I know this kids’ closet storage system works well because my husband recommended it to his buddy who’s about to become a first-time dad to twins. You know it’s good when your husband tells his friends about it. Haha!
16. Hanging items that should be folded.
I try to fold as much as possible because I’ve found it’s easier for my kids to grab folded clothes rather than hanging ones. It’s definitely better to fold t-shirts rather than hang them; a little creased t-shirt never hurt anybody!
But I know you’re still wondering what to hang and what to fold. Amiright? In general, you want to fold clothes that stretch out easily (like delicate sweaters), and hang clothes that wrinkle easily (like button-down shirts).
But remember: these are not hard and fast rules! My kids sweaters are pretty sturdy and hangers won’t stretch them out. I hang them because I don’t have an area for them among the folded clothes.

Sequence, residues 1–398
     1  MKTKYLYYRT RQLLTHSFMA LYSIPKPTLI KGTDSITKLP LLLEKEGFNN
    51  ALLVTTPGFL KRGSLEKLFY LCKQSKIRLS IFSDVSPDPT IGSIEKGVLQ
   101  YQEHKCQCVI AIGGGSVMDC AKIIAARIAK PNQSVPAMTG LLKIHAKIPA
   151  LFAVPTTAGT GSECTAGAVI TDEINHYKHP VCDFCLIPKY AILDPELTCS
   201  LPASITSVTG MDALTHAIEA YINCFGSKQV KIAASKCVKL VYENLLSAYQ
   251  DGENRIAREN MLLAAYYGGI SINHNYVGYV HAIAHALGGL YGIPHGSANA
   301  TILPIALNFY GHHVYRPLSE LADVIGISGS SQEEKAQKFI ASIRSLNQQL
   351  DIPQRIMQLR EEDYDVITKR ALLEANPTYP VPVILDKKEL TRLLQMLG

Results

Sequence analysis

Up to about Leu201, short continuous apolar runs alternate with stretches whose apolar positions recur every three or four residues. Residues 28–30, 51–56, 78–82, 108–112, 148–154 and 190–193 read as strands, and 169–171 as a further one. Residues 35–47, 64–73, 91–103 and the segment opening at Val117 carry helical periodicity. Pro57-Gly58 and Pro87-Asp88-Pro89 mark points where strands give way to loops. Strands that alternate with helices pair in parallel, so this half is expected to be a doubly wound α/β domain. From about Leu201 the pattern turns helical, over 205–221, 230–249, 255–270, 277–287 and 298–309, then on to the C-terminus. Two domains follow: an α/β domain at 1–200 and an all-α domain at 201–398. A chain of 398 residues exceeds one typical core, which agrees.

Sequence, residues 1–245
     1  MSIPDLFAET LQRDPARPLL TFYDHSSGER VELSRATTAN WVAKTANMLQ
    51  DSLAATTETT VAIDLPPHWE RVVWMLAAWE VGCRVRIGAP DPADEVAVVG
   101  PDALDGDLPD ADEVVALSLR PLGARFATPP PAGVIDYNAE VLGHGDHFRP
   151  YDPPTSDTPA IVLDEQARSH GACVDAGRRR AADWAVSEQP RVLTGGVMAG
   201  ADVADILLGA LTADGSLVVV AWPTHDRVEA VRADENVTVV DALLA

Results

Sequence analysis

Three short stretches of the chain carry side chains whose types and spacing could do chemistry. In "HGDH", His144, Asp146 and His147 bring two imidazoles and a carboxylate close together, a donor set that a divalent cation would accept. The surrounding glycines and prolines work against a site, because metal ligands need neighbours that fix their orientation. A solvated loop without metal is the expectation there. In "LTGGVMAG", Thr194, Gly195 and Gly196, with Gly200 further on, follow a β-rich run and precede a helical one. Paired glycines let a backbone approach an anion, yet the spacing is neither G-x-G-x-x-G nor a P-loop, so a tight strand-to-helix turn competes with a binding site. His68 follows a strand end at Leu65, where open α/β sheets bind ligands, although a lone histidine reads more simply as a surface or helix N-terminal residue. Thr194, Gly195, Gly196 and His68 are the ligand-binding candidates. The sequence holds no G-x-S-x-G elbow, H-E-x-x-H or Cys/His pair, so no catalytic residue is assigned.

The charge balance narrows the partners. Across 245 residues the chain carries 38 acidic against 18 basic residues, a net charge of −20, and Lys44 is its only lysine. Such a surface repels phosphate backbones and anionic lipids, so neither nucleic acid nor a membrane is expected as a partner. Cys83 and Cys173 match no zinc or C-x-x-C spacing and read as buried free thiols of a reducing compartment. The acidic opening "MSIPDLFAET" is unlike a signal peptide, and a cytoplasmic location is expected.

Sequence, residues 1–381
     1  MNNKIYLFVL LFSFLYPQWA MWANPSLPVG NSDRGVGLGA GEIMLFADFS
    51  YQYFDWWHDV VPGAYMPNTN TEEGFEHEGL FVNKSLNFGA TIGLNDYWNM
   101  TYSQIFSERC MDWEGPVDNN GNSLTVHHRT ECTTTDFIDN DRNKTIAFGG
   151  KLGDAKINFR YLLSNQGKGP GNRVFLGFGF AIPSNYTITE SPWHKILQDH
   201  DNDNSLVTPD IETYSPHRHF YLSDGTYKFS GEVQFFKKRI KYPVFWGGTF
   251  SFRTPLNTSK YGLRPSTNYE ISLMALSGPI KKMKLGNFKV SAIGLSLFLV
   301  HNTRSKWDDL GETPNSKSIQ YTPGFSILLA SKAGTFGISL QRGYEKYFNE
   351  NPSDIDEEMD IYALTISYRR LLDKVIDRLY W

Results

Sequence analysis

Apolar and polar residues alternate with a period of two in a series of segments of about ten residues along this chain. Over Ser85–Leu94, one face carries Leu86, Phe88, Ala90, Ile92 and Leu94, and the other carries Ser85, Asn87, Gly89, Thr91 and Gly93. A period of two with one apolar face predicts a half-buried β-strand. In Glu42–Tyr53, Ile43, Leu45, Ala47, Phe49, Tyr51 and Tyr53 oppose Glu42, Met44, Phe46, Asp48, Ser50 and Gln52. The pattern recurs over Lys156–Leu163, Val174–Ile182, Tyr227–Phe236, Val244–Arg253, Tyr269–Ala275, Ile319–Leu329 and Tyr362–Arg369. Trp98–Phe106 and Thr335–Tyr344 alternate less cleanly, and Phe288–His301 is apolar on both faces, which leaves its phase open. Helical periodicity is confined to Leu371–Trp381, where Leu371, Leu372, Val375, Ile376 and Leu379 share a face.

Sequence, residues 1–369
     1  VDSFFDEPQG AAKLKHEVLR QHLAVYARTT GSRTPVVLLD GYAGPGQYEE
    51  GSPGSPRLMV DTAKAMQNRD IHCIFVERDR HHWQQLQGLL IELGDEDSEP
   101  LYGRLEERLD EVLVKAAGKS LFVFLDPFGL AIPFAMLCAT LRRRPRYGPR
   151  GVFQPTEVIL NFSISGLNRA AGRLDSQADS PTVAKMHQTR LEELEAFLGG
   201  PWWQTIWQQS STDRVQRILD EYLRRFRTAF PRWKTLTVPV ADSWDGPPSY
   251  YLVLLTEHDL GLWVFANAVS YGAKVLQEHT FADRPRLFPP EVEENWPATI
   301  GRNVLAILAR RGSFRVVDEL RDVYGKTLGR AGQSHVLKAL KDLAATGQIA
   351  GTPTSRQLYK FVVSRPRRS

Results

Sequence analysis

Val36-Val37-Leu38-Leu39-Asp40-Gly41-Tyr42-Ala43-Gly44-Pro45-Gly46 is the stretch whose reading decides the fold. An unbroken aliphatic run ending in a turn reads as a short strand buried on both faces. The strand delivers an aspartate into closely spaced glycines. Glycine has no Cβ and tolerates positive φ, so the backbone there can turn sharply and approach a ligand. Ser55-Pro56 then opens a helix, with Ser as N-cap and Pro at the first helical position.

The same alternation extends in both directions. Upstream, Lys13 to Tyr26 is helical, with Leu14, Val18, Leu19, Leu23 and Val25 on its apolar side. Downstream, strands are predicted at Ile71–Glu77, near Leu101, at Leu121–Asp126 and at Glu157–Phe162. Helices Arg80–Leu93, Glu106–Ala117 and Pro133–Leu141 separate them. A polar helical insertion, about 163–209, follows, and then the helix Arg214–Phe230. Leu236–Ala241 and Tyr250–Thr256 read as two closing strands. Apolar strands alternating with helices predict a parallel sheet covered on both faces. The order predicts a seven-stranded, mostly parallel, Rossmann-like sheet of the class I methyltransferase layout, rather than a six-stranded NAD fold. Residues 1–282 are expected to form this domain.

Follow general guidelines and then make it work for you!
17. Not storing seasonal clothing or bigger sizes.
If it’s snowing outside and your kid’s shorts are still in the closet, get them out of there! Or why would you have 3T clothes hanging in the closet if your toddler is wearing 18-month clothes?
But don’t put them in storage in your attic! Utilize under-the-bed storage boxes and use bins on the top shelves of the closet. Be prepared for the unseasonably warm day in the winter when your kid wants to wear shorts. Putting the larger sizes waaaay out of sight means they’re out of mind when your kid actually grows into that size.
18. not decluttering often enough.